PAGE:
I left a few hours later for Korat, Thailand for the world record attempts for the largest freefall formation. The current record at the time was 300 and we were out to build a 372 and then maybe go larger. Have you noticed a lot of numbers in this message ending in 72? It’s the Queens 72nd birthday in her 6th cycle and that is why/how we got the support of the Royal (stress the first word here) Thai Air Force. Our world records are to honor Her Majesty.

The team was bussed up to the Air Base in a convoy of motor coaches. There were a total of 505 people including the jumpers, staff and accompanying persons. We were an Army on the move. And an Army has to eat so half way to Korat, we stopped at a Thai National Park and had lunch.

Got to the Air Base, dropped our gear and then went to the hotels. There were two hotels for all of us. As advertised, one was in the heart of the city and better for getting around and for couples, and one was in the country, further away from the Air Base and town. I was out at the resort in the country. Or affectionately known as The Prison Farm. The first few days had some logistics issues, but what we lacked in citified comforts was made up for by the beautiful setting, excellent staff and service, wonderful food and wonderful sunrises. The other hotel may have had a marble foyer, but we had ostriches in the front yard!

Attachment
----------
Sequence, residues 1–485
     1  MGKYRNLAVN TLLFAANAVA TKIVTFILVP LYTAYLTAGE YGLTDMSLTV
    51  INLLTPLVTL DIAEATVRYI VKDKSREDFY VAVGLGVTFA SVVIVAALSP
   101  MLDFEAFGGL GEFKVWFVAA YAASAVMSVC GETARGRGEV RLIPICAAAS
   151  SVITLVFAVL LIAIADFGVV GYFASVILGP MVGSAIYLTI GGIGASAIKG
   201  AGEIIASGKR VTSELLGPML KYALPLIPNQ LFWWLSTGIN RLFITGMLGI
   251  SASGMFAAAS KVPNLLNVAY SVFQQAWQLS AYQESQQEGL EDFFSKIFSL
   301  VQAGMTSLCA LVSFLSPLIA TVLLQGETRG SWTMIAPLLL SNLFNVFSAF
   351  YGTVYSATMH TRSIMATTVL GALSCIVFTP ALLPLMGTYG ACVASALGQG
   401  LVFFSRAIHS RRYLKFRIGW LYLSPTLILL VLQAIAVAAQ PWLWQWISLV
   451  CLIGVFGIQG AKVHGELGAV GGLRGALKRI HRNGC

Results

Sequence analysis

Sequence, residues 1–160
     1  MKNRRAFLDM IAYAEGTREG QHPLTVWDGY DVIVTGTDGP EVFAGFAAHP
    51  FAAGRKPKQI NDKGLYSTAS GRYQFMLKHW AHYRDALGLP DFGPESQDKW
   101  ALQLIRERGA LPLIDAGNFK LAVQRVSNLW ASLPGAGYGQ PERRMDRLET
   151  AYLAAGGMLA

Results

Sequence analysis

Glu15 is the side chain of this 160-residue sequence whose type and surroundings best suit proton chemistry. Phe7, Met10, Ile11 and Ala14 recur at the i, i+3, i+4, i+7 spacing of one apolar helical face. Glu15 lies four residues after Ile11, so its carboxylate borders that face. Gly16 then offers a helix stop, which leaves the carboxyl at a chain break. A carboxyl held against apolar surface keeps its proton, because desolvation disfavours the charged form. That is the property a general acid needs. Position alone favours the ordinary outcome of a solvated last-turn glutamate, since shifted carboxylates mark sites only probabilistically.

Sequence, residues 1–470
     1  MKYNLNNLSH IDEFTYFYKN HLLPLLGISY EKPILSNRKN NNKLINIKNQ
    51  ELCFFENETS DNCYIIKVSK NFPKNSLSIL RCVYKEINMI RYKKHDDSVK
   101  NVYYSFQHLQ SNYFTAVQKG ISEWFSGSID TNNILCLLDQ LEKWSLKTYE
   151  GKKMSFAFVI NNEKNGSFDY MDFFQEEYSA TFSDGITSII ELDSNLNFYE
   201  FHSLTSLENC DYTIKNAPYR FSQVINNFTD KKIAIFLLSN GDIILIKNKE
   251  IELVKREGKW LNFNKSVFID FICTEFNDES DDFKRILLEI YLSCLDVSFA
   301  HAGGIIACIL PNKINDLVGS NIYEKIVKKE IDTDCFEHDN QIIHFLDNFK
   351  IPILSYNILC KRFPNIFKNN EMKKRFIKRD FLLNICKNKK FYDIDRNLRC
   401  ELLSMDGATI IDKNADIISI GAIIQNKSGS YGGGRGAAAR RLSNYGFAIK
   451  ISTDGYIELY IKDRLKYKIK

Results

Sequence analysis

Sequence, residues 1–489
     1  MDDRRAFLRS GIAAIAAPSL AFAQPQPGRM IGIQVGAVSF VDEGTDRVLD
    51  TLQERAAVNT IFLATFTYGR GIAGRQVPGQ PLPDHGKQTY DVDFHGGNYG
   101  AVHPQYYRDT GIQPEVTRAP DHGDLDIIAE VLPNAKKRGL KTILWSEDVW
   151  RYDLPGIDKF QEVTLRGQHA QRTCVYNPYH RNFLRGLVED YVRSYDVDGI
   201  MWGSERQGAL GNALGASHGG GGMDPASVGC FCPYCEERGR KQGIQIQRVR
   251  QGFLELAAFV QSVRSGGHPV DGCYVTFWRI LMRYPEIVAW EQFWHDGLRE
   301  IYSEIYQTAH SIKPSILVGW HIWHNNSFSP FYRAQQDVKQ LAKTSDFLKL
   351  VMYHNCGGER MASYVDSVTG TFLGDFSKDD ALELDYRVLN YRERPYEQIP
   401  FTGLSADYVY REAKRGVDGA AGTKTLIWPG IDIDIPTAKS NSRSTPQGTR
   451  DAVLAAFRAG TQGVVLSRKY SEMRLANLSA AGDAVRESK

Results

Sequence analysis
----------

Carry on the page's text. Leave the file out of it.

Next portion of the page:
My job during this event was to be the liaison/coordinator between the Royal Thai Air Force and us. Us being The World Team. (www.theworldteam.com for all the facts and stories.) I got to be in the C-130 pilots’ briefing room making sure that what we wanted, they flew, and to make sure the skydivers didn’t break too many Air Force rules, too often. We got along famously. They adopted me and fed me after each briefing, let me watch movies with them during weather delays and gave me coffee, water and at the end of the day, beer. So while everyone else was hanging at the drop zone, I was anything but bored.

The first few days were spent on 100 person formation practice jumps. Then we spent a few days on 200 person practice jumps. Then we started the record dives.

Our first dive was 318. This was a great start. The next dive was around 337. Even better. It was obvious that the formation as planned could be built. It was just a matter of statistics now. 372 skydivers all had to have one perfect jump, and all at the same time. We just had to bang out some skydives. And we were losing skydivers to injuries, sickness and failure to perform. Our numbers were shrinking.

Our next jump did not break 300. It was horrible. Then we eeked back over 300. We never went below 300 again.

Then we rode the airplane down a couple of times due to weather and aircraft mechanicals. We were getting close to the end of the event. We had made 6 jumps to try and make a complete formation, weather was in the way, we had one day left and the weather was not looking good for us.